The Oklahoma Summer Arts Institute Chorus is a 60-member choir led by internationally recognized conductors and assisted by expert vocal teachers/coaches. The daily schedule includes full chorus rehearsals as well as individual and sectional coaching. Students may also participate in supplemental study and ensemble work. Repertoire consists of a wide variety of standard and contemporary choral literature. The chorus performs two concerts during the Institute.
Requirements for Applicants
1. Complete an online application and schedule your audition no later than noon the weekday before your desired audition date. See dates in right side bar or view full audition schedule here. Audition spaces fill quickly, so schedule as soon as possible.
2. Read guidelines below to prepare your audition.
3. Arrive at your audition at least 15 minutes early to check in and warm up.
Auditions will be audio recorded live and sent to judges for scoring at a later date. Judges will NOT be present at the audition. A facilitator will be in the audition room to play audio files and record the audition, but they will not be scoring.
The audition consists of THREE COMPONENTS. All music and sound files are available in the Dropbox folder linked below.
1. PREPARED PIECE: Sing your choice of ONE of the songs listed below. You must sing your selected song AS WRITTEN on the sheet music provided. The music and words do NOT have to be memorized. OAI will provide a copy of the sheet music or you may print it beforehand to bring to your audition. While you are encouraged to practice your piece with a metronome in advance, electronic devices (including cell phones and metronomes) are NOT permitted during the audition. The beginning pitch will be provided for you at the audition, and you will sing unaccompanied (a cappella). Vocal embellishments, inaccurate tempos, or otherwise not singing the music as written will result in significantly lower scores. All music and starting pitch audio files are available in the Dropbox folder linked below.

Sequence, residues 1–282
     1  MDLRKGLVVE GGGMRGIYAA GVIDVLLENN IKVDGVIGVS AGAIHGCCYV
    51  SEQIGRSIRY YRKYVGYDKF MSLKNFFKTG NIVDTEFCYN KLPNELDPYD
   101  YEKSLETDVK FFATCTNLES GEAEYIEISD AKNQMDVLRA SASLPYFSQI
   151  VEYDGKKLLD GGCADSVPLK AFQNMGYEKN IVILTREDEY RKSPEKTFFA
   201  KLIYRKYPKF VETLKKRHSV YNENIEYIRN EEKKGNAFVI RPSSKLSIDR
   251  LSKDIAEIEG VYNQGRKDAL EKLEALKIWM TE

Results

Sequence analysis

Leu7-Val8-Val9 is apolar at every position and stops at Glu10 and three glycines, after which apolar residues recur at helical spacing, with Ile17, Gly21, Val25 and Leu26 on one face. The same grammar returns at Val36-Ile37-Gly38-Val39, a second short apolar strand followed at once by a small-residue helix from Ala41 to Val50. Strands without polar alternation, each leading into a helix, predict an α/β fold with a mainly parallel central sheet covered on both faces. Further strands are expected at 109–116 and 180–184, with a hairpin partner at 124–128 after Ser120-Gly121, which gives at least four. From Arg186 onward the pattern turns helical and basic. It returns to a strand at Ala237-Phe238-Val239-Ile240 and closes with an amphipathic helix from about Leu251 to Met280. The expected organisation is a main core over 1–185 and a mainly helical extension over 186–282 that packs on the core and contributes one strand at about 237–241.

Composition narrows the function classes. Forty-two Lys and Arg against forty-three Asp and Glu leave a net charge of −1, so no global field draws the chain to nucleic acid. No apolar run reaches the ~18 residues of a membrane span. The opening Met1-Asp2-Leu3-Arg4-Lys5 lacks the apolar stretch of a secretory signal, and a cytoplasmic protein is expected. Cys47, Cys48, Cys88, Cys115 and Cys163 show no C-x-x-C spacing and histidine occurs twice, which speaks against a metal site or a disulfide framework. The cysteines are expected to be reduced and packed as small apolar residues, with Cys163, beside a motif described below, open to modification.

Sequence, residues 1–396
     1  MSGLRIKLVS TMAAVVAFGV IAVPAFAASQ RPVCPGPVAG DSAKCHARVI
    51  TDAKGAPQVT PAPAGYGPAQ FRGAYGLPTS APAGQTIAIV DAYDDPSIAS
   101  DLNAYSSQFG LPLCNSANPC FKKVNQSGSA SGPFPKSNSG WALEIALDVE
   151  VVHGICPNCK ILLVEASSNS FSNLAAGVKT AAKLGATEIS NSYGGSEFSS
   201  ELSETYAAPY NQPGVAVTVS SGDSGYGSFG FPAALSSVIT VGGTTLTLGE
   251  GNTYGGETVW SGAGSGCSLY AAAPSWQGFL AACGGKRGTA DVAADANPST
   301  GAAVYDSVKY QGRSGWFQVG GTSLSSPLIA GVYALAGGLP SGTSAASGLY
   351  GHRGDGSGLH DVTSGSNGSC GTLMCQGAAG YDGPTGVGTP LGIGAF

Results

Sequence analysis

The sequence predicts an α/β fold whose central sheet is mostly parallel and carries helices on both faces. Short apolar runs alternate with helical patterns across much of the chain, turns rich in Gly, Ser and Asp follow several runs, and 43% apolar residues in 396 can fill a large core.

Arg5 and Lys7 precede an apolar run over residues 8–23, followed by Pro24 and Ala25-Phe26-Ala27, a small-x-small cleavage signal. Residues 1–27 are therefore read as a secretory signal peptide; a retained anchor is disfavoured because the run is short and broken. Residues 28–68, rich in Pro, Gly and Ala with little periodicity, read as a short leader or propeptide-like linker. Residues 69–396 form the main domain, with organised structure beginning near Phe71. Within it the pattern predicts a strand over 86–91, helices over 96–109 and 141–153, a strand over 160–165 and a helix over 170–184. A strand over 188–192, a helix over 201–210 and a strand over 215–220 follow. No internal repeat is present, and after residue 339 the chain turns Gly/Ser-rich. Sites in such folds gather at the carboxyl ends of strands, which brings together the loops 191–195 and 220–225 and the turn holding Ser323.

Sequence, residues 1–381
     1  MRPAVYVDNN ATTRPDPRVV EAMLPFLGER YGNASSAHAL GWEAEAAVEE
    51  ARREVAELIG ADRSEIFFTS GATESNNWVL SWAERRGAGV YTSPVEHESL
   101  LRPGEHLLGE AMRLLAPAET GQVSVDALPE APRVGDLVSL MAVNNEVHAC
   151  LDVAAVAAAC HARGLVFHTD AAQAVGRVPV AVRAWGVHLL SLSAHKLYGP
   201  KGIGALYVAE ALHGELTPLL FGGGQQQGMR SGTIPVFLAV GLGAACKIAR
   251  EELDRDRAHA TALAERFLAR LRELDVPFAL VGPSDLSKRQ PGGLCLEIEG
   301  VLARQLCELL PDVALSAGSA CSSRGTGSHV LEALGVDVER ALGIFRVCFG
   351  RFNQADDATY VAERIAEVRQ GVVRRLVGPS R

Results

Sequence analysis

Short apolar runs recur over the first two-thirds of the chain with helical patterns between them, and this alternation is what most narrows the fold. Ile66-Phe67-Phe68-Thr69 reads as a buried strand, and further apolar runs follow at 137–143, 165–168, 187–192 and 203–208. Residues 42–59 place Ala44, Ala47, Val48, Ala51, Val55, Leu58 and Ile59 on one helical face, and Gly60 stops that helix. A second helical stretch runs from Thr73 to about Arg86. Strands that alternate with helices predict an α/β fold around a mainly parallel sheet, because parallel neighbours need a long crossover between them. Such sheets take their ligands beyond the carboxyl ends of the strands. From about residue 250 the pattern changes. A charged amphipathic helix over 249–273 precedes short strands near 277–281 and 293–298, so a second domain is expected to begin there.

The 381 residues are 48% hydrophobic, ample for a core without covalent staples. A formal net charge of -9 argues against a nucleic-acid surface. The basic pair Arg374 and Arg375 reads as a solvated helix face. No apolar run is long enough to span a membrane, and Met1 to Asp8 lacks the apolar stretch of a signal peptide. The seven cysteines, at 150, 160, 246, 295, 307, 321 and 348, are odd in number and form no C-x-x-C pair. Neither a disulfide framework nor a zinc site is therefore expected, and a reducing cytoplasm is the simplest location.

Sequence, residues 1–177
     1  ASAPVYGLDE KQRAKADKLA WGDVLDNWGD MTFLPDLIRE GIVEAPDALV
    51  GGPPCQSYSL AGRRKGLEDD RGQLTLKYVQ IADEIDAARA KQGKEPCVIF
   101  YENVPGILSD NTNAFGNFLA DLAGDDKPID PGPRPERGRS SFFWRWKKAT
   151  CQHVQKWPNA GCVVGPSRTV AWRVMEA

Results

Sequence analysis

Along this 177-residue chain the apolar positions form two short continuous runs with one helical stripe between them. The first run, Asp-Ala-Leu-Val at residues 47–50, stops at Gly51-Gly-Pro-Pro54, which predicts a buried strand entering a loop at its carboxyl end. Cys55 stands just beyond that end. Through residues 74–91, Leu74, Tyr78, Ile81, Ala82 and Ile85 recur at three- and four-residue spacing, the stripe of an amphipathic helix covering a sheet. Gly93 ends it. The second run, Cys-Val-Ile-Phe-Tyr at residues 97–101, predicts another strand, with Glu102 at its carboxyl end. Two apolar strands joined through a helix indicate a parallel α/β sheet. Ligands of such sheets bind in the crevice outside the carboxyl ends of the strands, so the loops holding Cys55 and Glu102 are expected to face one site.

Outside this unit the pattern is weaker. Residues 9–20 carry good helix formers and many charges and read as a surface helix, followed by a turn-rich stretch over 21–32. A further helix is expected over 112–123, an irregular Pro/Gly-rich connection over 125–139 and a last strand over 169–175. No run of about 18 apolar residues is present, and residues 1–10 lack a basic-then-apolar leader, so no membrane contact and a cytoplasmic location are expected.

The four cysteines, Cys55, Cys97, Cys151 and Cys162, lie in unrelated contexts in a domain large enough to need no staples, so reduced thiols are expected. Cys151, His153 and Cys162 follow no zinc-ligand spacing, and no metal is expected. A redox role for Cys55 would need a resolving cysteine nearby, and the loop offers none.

OPTION A: America the Beautiful
TEMPO: Quarter note = 75 - 90 bpm (Set your metronome at a tempo between 75 and 90; each click represents one quarter note.)
OPTION B: Greensleeves
TEMPO: Dotted quarter note = 40 - 60 bpm (Set your metronome at a tempo between 40 and 60; each click represents one dotted quarter note.)
OPTION C: O Danny Boy
TEMPO: Quarter note = 50 - 65 bpm (Set your metronome at a tempo between 50 and 65; each click represents one quarter note.)
Again, you only have to sing ONE of the songs listed above. If you have any questions, please call 405.605.7500 or email firstname.lastname@example.org.
2. CHORAL SELECTION: Perform the selection from Way Over In Beulah Lan' for your voice part with the provided backing track. Sopranos and tenors should sing the top line for all divisi parts. Altos and basses should sing the bottom line for all divisi parts.
Way Over In Beulah Lan' arr. Stacey Gibbs (Gentry Publications), mm. 1-42
3. TONAL MEMORY: Sing four short musical exercises to assess tonal memory. In the first tonal memory exercise, applicants will listen to 4 pitches, then sing the sequence of pitches back by memory. Each subsequent exercise will then increase in length, with the final tonal memory exercise consisting of 7 pitches. Tonal memory can be sung using any syllable (e.g. "do do do," "la la la"). Listen to sample tonal memory exercises of comparable difficulty in the Dropbox folder linked below.
Ask your choral director or other music instructor to play short melodies (4-7 pitches) for you to sing back. They can help you learn what to listen for and make sure that you're singing back melodies correctly.
Try singing back melodies you hear on the radio, television, or even melodies you hear at your school. Start with small fragments and try to gradually sing back longer and longer sections of melody.
Learn to identify and sing common musical elements like scales, chords, and sequences. Recognizing these patterns in the tonal memory exercises can help you remember longer fragments of melody.
Practice melodic dictation exercises from online music theory websites, like Teoria.com